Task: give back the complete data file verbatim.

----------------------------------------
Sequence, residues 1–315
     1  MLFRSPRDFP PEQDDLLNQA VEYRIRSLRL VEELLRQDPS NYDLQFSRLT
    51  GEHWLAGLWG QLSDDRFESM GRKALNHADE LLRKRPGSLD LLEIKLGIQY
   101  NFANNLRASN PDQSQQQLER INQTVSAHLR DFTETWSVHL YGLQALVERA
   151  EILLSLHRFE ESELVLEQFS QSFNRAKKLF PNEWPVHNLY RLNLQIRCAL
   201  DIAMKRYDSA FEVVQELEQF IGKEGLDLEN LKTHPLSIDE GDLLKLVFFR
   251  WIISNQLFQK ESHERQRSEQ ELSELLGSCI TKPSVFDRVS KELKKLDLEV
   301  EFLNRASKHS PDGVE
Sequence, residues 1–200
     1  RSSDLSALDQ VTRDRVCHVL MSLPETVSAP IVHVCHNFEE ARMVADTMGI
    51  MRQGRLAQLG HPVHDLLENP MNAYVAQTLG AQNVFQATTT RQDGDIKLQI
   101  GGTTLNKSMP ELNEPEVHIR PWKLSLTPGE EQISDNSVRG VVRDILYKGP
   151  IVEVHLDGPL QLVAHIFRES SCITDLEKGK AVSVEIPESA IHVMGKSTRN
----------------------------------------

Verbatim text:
Sequence, residues 1–315
     1  MLFRSPRDFP PEQDDLLNQA VEYRIRSLRL VEELLRQDPS NYDLQFSRLT
    51  GEHWLAGLWG QLSDDRFESM GRKALNHADE LLRKRPGSLD LLEIKLGIQY
   101  NFANNLRASN PDQSQQQLER INQTVSAHLR DFTETWSVHL YGLQALVERA
   151  EILLSLHRFE ESELVLEQFS QSFNRAKKLF PNEWPVHNLY RLNLQIRCAL
   201  DIAMKRYDSA FEVVQELEQF IGKEGLDLEN LKTHPLSIDE GDLLKLVFFR
   251  WIISNQLFQK ESHERQRSEQ ELSELLGSCI TKPSVFDRVS KELKKLDLEV
   301  EFLNRASKHS PDGVE
Sequence, residues 1–200
     1  RSSDLSALDQ VTRDRVCHVL MSLPETVSAP IVHVCHNFEE ARMVADTMGI
    51  MRQGRLAQLG HPVHDLLENP MNAYVAQTLG AQNVFQATTT RQDGDIKLQI
   101  GGTTLNKSMP ELNEPEVHIR PWKLSLTPGE EQISDNSVRG VVRDILYKGP
   151  IVEVHLDGPL QLVAHIFRES SCITDLEKGK AVSVEIPESA IHVMGKSTRN